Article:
Infantilism is a theme I’ve been returning to over the years, and to be specific, the infantile thinking of the Irish nation. If we were looking for a living example, we should be grateful to Enda Kenny, though of course, he’s far from the only example, even if he might be the most embarrassing.
Recently, the Psychological Society of Ireland held a conference during which various speakers discussed the Irish psyche as an example of postcolonial society, with speakers pointing out our delusional approach to life and our warped sense of nationhood.
I can understand this, just as you can if you happen to be Irish.
Who hasn’t experienced the strange and pathetic Irish need to be liked? Not the Dutch. Not the Finns. Not the French. Not the Germans. Not the British. Not the Greeks.
Nobody in Europe, apart from the Irish, suffers from that sad need, and yet such neediness is what has landed us in our present predicament. The need to be liked transcends the need to be respected, as our Prime Minister recently demonstrated when he collected a little bauble as European of the Year.
Can anyone imagine the Greek prime minister travelling to Berlin in order to receive a toy from the German magazine publishers? What would the Portuguese think if their leader jumped in the air when somebody threw him a shiny plastic bone?
It was the need to be liked that led Lenihan and Cowen to submit when their masters instructed them to guarantee every bank in Europe. They might not have realised that, but ultimately, Brian and Brian were serfs in a way they might not have understood themselves.
Unlike many countries who underwent revolution, we didn’t achieve any real independence. All we did was transfer power from one privileged group to another, which was always the plan. We ended up with men in the shadows continuing to exert control as they do to this day, but we still needed politicians in order to maintain the illusion of democracy, and here’s where the crunch comes.
We’re serfs. Our mindset is that of the serf. We never crawled out from beneath the power of those who determined our future in colonial days, and in the world’s most extended example of Stockholm Syndrome, we still cling to such notions today.
In apeing our betters, we Irish have failed to stand on our own two feet and face the world as adults. Instead of doing that, we promoted a class of people who copied the accents and manners of of the former ruling classes. We gave these people highly-paid jobs in the national broadcasting company where nationwide attitudes are formed, and we set about creating a country with an inferiority complex.
The effort succeeded. We consolidated our national inferiority and eliminated all efforts to become a distinct society. We didn’t want to be Irish. We rejected it. Just as in previous decades we eschewed our language, now we turned our backs on local accents, because at our heart we are ashamed to be Irish.
We are ashamed of what we are. Let’s face up to it.
We are ashamed to be Irish. Listen to the mid-Atlantic accents our young people use today. Why are they ashamed of the way their parents speak? Why do they try to speak like Americans? I doubt they’re aware of this. If you confronted the average 20-year-old, they’d probably be completely baffled, but that’s because the process has happened over such a long time that they think it was always like this.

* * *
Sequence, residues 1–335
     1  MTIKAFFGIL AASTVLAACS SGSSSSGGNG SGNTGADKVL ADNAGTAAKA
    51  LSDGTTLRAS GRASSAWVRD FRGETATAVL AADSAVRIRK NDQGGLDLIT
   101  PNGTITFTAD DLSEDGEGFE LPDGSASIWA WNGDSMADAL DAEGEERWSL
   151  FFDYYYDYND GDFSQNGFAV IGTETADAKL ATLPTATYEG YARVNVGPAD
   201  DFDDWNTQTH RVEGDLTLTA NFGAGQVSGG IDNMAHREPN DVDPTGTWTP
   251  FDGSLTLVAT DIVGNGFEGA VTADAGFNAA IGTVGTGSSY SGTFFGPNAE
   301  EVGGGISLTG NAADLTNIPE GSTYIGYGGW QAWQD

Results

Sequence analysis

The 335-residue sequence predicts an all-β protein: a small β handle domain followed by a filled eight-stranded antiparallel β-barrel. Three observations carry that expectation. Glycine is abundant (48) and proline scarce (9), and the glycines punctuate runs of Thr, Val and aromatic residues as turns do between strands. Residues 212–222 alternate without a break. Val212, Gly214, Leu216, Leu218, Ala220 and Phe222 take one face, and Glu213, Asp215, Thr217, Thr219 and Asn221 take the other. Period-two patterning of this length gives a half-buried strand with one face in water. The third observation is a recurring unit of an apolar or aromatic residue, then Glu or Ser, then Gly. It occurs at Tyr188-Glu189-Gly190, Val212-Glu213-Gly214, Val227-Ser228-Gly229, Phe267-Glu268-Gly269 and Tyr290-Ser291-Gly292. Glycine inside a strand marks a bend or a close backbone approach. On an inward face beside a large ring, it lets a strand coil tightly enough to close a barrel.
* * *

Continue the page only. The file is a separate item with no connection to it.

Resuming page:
Leaving all that aside, we need to ask ourselves why we have, as a nation, such a desperate need to please.
Is it the shit-eating desire to placate an oppressor? Perhaps.
Nobody talks like Enda Kenny in real life, do they? Realistically, do you know anyone who talks like Enda Kenny? I’m willing to bet that Enda Kenna doesn’t talk like Enda Kenny when he gets home and just wants to relax with a coffee. But this is something we Irish have internalised: the belief that there’s something wrong with how we talk.
Watch Enda giving a speech and you can see a man doing battle with his inner self. His elocutionised persona is fighting his inner Endaness to the death in an embarrassing embodiment of the fundamental Irish conflict. How to be yourself while at the same time satisfying your outer snob.
Snobbery is the ultimate expression of insecurity and I’m afraid Irish society is riddled with it, in a deeply pathetic way. When I was a kid, our teachers imposed a ridiculous old snob on us in a futile attempt to modify our accents, even though there was nothing wrong with our pronunciation. Why? Because our vowels were not the ones formally ordained as socially acceptable.
And who made this judgement? More fools, desperately trying to hide their own personal insecurity.
Ireland doesn’t work and it never has worked since independence for three reasons. The first is because the country has always been in the grip of a privileged elite who never cared whether the government was British or local. The second is that Irish people have been deliberately infantilised in order to make them accept whatever insane proposition they’re presented with. The third is that we have been deliberately conditioned to think of ourselves as inferior, which is why neither we nor our politicians have the balls to say NO to Europe when asked to commit national suicide.
We are serfs.